What was it like working opposite with Fabian since he was such an icon in his days?
He was a terrific actor and a great man very sweet.
What do you remember doing the most in this flick?
I had a very pleasant experience with the cast and crew we had a really good time.
You didn’t have to perform intense in this one since you showed a different type of versatility. Did the filmmakers like you in 'TCM' and asked you to be in this film to see if you could try a challenge by playing this type of role?
Oh I don’t know. Hopefully not. Whatever we can do we can get. It’s lovely to be offered a role. Everybody auditioned. Im sure Fabian didn’t have to.
Next up I understood that Edwin Neal asked you to be in the sci-fi action flick 'Future Kill' as his mistress Dorothy Grimm which is a different character alltogether. Did you feel that this was definitely a role to play around with since you had a warrior type of outfit in this flick?
Oh I definetely had a good time with that one. That was a really interesting film and that costume was very different.
Did this one make it to theatre’s and what was the turn out to the fans since most considered it a horror flick since both you and Edwin starred in it? It was really a sci fi film altogether though.
Yeah it went to theatre’s it had a big premiere we were everywhere Westwood, Egyptuian, Hollywodd Blvd. I went to the Dallas Red Carpet and all that mess.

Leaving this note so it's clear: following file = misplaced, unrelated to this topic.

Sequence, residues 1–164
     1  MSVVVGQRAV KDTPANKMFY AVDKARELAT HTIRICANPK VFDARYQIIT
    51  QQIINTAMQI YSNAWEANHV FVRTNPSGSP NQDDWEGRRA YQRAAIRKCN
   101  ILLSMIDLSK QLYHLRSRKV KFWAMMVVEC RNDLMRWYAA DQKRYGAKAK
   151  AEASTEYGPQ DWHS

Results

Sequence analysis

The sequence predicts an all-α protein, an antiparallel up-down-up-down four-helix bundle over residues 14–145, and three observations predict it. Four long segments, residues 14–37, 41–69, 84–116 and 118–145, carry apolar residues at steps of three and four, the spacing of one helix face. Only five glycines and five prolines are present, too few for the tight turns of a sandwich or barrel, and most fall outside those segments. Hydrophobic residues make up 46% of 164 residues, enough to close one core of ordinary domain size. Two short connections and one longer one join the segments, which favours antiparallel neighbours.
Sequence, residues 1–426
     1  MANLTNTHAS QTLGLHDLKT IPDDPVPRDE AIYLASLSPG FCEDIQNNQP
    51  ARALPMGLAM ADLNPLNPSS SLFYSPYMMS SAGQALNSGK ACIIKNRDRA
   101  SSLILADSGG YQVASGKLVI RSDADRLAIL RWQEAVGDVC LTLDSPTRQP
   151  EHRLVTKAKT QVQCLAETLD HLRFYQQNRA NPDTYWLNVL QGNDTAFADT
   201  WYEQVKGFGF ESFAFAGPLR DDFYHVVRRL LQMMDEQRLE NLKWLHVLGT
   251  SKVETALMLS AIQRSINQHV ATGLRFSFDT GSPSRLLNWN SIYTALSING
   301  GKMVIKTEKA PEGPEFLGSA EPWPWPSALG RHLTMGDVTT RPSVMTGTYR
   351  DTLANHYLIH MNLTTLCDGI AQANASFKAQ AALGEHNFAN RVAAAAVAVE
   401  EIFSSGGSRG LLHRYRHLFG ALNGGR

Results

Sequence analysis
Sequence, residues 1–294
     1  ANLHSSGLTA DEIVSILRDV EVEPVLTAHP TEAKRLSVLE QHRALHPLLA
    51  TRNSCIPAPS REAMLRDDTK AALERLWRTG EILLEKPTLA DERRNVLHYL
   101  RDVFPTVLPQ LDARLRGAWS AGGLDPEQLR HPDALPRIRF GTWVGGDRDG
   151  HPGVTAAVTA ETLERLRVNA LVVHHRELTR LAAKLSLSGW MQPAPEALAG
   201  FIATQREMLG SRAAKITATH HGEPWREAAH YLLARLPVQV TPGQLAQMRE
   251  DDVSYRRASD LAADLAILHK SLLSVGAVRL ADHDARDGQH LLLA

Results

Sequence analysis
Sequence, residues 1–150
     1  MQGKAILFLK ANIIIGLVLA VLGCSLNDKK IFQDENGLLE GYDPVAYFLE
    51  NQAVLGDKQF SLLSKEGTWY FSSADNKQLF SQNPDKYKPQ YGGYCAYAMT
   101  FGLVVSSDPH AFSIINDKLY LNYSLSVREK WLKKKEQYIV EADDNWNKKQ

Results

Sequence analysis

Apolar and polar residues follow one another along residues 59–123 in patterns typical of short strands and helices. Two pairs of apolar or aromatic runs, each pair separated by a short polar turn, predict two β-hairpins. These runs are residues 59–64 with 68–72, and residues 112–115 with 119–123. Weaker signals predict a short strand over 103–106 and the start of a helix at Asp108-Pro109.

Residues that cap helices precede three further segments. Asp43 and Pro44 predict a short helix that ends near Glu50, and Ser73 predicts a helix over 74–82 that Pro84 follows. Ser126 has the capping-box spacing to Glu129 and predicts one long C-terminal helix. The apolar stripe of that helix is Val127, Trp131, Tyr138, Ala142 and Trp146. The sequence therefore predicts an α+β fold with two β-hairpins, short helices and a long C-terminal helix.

What was the reason that you dropped off the acting field?
I just did that temp moved to Texas cause of family and did some writing. But I’m back into it I love tha business.
A sequel to 'TCM' was being made in 86 did Tobe ever ask you to reprise your role as Sally in it?
No cause Sally wasn’t written in the sequel.
You did make a comeback to acting in a comedy horror titled 'Boneboys' which had many of your 'TCM' fellow actors in it as well as in 'TCM 3D' What are your roles in it?
Both were cameo’s. I hope 'TCM 3D' will be good and am looking forward for it to come out.
Do you have other horror film projects lined up?
I do have some exciting stuff coming up but don't want to announce them yet.
What are your favourite horror films?
'The Exorcist' really scared me and I also enjoyed 'The Shining' as I love Stephen King and there was another movie that was really scary but can’t remember the name of it.